Dunne calls for cross-party conference on EFA

NZPA reports:

leader today said a cross-party conference was needed to sort out problems with the .

“No one, whether they were for the Act or against it, could have imagined the extent to which it is now intruding into every aspect of political life and the uncertainty it is causing for election officials, political parties, MPs and candidates.

On the contrary not only did I imagine this, I wrote extensively about it. I submitted to the Select Committee about it. And also amendments which would have helped make it better were voted down by Labour, Greens, NZ First and oh yes United Future.

“We cannot carry on with so much uncertainty and the flaws in the legislation need to be sorted out immediately in the interests of a fair election process this year.”

The easiest thing would to be change the regulated period back to 90 days.  Having it for all of election year has indeed played havoc with parties and others. Even asking people to renew a lapsed membership gets caught up. A party talking to supporters in February who have asked to hear from that party gets caught up.

He said the problems should be sorted out by MPs rather than the courts.

Why? The MPs are the ones who stuffed it up in the first place, and have a huge self interest.  Certainly it would be good to have a law with less uncertainty around it, but remember Annette King told us all how this was a good law and the law of common sense would sort it all out.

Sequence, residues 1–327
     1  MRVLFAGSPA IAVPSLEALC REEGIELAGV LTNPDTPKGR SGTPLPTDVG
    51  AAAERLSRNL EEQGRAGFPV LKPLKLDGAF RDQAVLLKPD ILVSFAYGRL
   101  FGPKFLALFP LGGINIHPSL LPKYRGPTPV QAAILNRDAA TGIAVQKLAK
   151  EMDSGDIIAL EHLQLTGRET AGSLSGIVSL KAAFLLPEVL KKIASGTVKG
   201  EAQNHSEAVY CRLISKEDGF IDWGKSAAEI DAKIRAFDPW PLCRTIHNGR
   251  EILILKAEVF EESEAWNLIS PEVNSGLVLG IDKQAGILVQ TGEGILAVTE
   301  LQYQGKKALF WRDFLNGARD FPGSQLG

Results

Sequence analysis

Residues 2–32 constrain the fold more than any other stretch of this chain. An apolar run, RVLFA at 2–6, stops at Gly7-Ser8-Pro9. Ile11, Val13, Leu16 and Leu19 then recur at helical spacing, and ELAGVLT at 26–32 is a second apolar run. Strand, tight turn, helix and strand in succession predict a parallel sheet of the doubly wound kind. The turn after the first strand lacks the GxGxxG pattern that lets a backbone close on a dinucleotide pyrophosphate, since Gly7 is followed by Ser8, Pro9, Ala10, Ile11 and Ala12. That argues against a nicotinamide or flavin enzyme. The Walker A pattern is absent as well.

He said it should be made clear that taxpayer-funded party literature that did not solicit votes, money or membership was not attributable election expenditure.

No, no, no. The law has never ever exempted taxpayer-funded literature in the past. Giving MPs free rein to loot the taxpayer for their campaigns is not the answer. But moving the regulated period back to a more sensible time frame would mean that MPs could do their normals comms for most of the year, and then stop using taxpayer’s money for the last 12 weeks of the campaign.

Changes should also be made so the home address of a party’s financial agent was not required on advertising authorisations. 

There we are agreed. But Bill English’s bill to fix this is not going to be debated in time unless leave is granted for it to move up the order paper.

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